It is important for organizations to make a profit, in order to fulfill its mission. Even if a nonprofit organization makes a profit, it has no owners and all funds go back into maintaining the organization. Organizations may file for a nonprofit status through the Internal Revenue Service (IRS) to receive tax-exempt benefits.
Organizations have the opportunity to incorporate as a nonprofit in any state. The rules to incorporate vary from state to state, but each state requires Articles of Incorporation. Within the articles the organization must state its registered agent and office to receive legal notifications. The address must be a physical address in your state and not a PO Box. If you do not wish to list a home address, there are registered agent services available to receive legal notifications. Contact your state office to learn more about the requirements to incorporate.
The Articles of Incorporation also includes the federal tax-exempt status the organization will file to become tax-exempt under the Internal Revenue Code. A list of these codes are located at:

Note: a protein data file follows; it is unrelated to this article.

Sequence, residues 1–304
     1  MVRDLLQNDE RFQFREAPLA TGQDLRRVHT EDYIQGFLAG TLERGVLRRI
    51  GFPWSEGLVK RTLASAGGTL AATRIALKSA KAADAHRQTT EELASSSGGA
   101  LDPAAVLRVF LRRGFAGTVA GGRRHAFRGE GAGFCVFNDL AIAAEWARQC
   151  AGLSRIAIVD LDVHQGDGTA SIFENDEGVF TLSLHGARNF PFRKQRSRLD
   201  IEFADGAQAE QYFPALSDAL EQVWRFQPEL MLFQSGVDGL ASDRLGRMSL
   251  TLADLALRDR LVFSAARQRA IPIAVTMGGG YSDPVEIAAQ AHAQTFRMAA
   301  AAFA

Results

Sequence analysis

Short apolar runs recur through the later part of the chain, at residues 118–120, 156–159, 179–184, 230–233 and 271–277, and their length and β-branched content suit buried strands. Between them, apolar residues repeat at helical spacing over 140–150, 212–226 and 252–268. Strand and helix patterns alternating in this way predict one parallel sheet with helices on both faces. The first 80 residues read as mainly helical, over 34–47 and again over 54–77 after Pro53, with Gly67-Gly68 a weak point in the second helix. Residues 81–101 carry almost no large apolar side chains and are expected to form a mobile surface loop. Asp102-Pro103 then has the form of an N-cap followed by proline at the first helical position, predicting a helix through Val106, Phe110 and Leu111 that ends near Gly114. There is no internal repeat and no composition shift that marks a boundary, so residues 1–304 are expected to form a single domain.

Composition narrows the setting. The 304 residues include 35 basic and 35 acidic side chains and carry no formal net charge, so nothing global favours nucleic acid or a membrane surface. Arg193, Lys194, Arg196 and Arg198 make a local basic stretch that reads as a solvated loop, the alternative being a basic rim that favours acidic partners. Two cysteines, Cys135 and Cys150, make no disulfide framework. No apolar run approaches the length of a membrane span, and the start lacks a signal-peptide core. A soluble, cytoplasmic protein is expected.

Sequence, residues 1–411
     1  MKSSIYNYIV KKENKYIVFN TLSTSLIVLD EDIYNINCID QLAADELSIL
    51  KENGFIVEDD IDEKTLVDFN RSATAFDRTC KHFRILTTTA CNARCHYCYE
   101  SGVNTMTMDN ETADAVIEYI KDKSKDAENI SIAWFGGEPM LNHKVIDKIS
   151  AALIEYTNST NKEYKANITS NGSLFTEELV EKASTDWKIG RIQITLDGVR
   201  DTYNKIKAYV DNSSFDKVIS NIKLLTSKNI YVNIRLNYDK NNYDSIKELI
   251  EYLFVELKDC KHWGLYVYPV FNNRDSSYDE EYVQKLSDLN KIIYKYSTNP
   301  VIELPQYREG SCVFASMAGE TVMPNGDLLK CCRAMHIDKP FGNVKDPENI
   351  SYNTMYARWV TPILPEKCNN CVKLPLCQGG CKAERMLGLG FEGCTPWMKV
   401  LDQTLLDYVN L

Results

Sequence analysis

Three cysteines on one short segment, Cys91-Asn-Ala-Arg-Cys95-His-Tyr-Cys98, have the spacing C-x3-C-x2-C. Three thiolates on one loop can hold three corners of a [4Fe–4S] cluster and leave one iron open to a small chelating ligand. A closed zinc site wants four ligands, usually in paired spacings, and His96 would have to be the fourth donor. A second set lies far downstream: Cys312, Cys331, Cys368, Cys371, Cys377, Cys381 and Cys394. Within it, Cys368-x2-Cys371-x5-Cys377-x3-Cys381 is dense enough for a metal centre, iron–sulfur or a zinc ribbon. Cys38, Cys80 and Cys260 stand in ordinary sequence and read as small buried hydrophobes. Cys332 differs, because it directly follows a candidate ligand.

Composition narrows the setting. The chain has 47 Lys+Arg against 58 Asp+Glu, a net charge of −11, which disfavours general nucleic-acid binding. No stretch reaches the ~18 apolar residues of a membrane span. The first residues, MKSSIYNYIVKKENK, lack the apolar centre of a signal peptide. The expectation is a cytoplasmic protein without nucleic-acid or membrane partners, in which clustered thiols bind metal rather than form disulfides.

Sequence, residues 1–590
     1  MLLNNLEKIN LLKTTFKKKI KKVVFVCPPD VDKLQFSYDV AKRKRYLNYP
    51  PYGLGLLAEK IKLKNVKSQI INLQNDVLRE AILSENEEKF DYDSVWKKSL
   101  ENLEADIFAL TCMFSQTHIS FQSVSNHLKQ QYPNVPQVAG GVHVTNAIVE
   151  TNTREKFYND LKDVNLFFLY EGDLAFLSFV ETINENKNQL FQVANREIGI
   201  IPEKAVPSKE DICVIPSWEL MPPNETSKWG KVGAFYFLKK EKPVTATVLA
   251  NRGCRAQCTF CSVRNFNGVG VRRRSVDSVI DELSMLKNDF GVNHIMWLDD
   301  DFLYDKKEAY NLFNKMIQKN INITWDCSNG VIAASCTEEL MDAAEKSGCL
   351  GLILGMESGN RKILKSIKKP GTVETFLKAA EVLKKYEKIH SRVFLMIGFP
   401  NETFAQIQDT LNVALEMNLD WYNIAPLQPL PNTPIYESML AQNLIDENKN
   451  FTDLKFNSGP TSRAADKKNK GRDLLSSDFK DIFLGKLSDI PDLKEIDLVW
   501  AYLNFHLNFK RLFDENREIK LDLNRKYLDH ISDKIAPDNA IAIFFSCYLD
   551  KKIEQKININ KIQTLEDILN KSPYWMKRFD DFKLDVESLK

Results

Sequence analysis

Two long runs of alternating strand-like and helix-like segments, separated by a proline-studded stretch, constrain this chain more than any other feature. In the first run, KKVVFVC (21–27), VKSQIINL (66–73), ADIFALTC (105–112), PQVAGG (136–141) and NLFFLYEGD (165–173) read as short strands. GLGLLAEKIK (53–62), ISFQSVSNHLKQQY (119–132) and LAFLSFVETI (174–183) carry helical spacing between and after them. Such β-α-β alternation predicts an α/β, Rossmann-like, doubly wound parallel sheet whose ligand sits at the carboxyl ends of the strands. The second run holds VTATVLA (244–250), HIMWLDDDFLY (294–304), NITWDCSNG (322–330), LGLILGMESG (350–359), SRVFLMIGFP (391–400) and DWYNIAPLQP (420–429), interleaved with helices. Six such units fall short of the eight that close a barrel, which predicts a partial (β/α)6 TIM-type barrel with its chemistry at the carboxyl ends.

Even though this list includes several codes to file a 501 (c) tax-exempt status, the most common filings include 501 (c)(3) and 501 (c)(6). Organizations filing as 501 (c)(3) are identified mainly as charitable, but include religious, educational, scientific, literary, testing for public safety, to foster national or international amateur sports competition, or prevention of cruelty to children or animals organizations. The main purpose of these organizations is to benefit the public. Organizations may apply for a 501 (c)(3) status if they are either a public charity or a private foundation providing charitable goals. A key component of an organization maintaining a 501 (c) (3) status is offering donors a tax deduction.
Limitation to a 501 (c)(3) is political activity. A 501 (c)(3) is not allowed to participate in any political activity. However, an organization that is not a private foundation or religious may apply for a 501 (h) election when filing a 501 (c)(3) application and participate in limited lobbying.
Even though 501 (c)(3) organizations may have members, another option is 501 (c) (6). This status allows organizations to be politically active to promote the mission of its members’. Donations are not tax deductible, but the 501 (c)(6) organization does not rely on donations to run the nonprofit. These organizations include business leagues, chambers of commerce and real estate boards, among others.
Organizations should contact an attorney specializing in nonprofit law with any questions and preparing the filing for nonprofit status.